Environmental change: prospects for conservation and agriculture in a southwest Australia biodiversity hotspot

Pettit, N. E., R. J. Naiman, J. M. Fry, D. J. Roberts, P. G. Close, B. J. Pusey, G. Woodall, C. J. MacGregor, P. Speldewinde, B. Stewart, R. Dobbs, H. Paterson, P. Cook, S. Toussaint, S. Comer, and P. M. Davies - Ecology and Society

Type: PDF, Webpage
Knowledge level: Introductory

Farm Table says:

An interesting article covering natural resource management strategies for conservation and agriculture in southwest Australia. This biodiversity hotspot has a vast array of features and the challenge exists to create sustainable preservation and long term renewal.

This article talks about environmental change and the prospects for conservation and agriculture in a southwest Australia biodiversity hotspot, where opportunities can be identified for preservation and renewal.

Key points were as follows:

  • Environmental change is and will continue to occur across many areas in Australia and strategies to combat the negative effects will need to be developed and be implemented long term to realise the full benefits.
  • This article focuses on the South Coast Region of Southwestern Australia as this area is classed as a biodiversity hotspot.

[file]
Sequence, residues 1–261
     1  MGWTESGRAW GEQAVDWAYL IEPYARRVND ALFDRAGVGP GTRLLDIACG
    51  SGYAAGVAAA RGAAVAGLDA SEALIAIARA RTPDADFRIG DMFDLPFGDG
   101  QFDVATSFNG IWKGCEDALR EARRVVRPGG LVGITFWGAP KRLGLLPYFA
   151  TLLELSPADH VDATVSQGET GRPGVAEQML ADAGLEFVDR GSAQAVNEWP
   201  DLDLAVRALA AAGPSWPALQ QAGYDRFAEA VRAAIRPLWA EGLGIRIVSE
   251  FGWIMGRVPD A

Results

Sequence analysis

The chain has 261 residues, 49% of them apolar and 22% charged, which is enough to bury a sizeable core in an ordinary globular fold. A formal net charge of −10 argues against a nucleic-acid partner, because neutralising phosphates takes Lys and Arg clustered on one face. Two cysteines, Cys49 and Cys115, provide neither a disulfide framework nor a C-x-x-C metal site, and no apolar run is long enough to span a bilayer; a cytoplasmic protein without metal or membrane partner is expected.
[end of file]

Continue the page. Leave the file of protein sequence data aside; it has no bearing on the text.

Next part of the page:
• One of the central dilemmas is whether restoration/conservation efforts should have a commercial or biodiversity focus and, can these be integrated? The grand challenge is conserving, protecting, restoring, and managing for a future environment that balances economic, social, and environmental values”
  • The South Coast Region has the following features:
  1. Mediterranean climate
  2. Rainfall varies across the region from 300mm – 1200mm, and is continuing to decline
  3. Nutrient deficient soils
  4. Increasing salinity
  5. Increasing temperature and seasonal variability
  • To manage this area of land for a sustainable future by 2050, the following factors need to be taken into consideration:
  1. Soils
  2. Fresh water
  3. Terrestrial vegetation
  4. Coastal zone
  5. Ecosystem resilience
  6. Human Health and Wellbeing
  7. Agriculture
  8. Aquaculture
  9. Culture and Social Values
  • Ideas that have been suggested as part of this article for effective management of the natural resources in this biodiverse area include the following:
  1. Maintain maximum adaptive capacity in biological systems
  2. Use dynamic conservation approaches
  3. Continuous monitoring
  4. Statistical downscaling of Global Climate Models to regional and local scale
  5. Integrated approach to threats
  6. Maintain a mosaic of landscapes and ensure areas outside reserves are protected
  7. Avoid maladaptation
  8. Increase adaptive capacity in the community
  9. Support research to develop innovative approaches
2015 - Australia - Pettit, N. E., R. J. Naiman, J. M. Fry, D. J. Roberts, P. G. Close, B. J. Pusey, G. Woodall, C. J. MacGregor, P. Speldewinde, B. Stewart, R. Dobbs, H. Paterson, P. Cook, S. Toussaint, S. Comer, and P. M. Davies - Ecology and Society
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